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SAMJ: South African Medical Journal

Print version ISSN 0256-9574

SAMJ, S. Afr. med. j. vol.101 n.9 Cape Town Sep. 2011

 

CORRESPONDENCE

 

Haemorrhage associated with caesarean section in South Africa - be aware

 

 

To the Editor: The algorithms in the excellent article in the SAMJ1 for coping with bleeding at caesarean section (CS) cannot be faulted. I add some further comments.

With 2 years of internship, it should be possible to ensure that all trainees are allowed to opt for a 6-month attachment in Obstetrics and Gynaecology if they intend to work in peripheral hospitals, so they are able to do a sufficient number of CSs under supervision before they go to their new posts. My experience over many years with attempting to make interns competent during 4-month rotations was frustrating. They always moved on before I felt they were ready.

The most stable persons in rural obstetric services are usually the Advanced Diploma midwives and theatre-trained nurses. They are often the most competent in labour ward work, too. There may well be virtue in training carefully selected people from among them to do CSs. Our previous attempts to sell that idea to the Health Professions Council were not successful. Perhaps the circumstances have changed sufficiently for them to consider it now?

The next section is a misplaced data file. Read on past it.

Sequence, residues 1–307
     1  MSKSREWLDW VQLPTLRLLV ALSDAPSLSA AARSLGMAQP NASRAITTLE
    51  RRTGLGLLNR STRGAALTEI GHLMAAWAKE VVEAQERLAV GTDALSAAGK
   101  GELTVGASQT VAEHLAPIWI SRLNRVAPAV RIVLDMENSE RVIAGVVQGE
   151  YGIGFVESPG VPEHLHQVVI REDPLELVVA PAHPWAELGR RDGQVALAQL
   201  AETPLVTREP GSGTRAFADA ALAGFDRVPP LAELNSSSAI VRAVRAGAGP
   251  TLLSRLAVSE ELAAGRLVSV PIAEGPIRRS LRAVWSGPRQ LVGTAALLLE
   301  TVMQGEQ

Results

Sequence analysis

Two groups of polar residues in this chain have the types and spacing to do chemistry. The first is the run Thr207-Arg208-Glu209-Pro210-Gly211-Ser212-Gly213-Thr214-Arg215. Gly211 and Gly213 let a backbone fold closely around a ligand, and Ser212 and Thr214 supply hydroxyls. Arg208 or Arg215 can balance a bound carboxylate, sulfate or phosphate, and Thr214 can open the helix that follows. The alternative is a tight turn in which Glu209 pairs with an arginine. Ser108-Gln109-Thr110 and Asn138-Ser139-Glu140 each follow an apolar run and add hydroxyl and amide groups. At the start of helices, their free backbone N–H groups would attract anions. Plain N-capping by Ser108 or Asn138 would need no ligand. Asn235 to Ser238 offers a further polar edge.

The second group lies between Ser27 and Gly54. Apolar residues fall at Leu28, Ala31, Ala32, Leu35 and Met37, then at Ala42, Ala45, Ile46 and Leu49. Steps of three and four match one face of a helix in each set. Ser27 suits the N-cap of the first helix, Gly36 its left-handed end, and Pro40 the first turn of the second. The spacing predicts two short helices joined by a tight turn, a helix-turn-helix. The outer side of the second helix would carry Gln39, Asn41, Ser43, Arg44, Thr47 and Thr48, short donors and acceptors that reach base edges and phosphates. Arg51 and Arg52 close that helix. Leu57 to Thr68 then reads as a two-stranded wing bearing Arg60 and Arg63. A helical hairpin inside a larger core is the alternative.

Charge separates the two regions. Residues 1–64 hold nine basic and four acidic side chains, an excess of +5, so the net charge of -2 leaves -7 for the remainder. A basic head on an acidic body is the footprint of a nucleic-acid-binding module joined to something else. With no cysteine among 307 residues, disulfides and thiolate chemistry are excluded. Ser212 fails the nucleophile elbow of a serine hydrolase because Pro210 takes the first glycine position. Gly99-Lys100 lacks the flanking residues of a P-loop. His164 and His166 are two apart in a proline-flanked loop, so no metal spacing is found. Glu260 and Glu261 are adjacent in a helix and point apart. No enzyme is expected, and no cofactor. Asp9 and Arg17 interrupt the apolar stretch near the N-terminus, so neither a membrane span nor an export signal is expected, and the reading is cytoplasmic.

The practice of closing the uterine wound with a single suture should be abandoned in our teaching hospitals. A double suture technique should be taught. The first suture inserted should include the endometrium, thus ensuring haemostasis in the inside of the uterine wound. The second suture should ensure accurate apposition of the outside of the myometrium, thus ensuring haemostasis just under the peritoneum. It is simply too dangerous to teach staff to trust a single suture that may be poorly applied by inexperienced operators, or which may snap for many reasons, releasing the edges of a highly vascular structure to bleed uncontrollably.

Also, it should be routine to ligate the uterine artery above and below the incision whenever that structure is damaged during a CS. If young surgeons are taught how to do that in well-controlled situations, while protecting the bladder and the ureter from damage, they quickly lose their fear of heavy bleeding from that source, and become very good at securing haemostasis.

 

J V Larsen
Howick
KwaZulu-Natal
jon.larsen@iuncapped.co.za

1. Fawcus S, Moodley J. Haemorrhage associated with caesarean section in South Africa - be aware. S Afr Med J 2011;101:306-309.         [ Links ]